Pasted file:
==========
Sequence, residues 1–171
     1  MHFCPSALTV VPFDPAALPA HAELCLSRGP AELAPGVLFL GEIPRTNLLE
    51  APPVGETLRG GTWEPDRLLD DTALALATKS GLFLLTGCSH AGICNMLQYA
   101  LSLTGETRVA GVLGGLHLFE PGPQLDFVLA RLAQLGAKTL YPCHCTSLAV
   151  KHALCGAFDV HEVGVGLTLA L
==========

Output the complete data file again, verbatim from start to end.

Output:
Sequence, residues 1–171
     1  MHFCPSALTV VPFDPAALPA HAELCLSRGP AELAPGVLFL GEIPRTNLLE
    51  APPVGETLRG GTWEPDRLLD DTALALATKS GLFLLTGCSH AGICNMLQYA
   101  LSLTGETRVA GVLGGLHLFE PGPQLDFVLA RLAQLGAKTL YPCHCTSLAV
   151  KHALCGAFDV HEVGVGLTLA L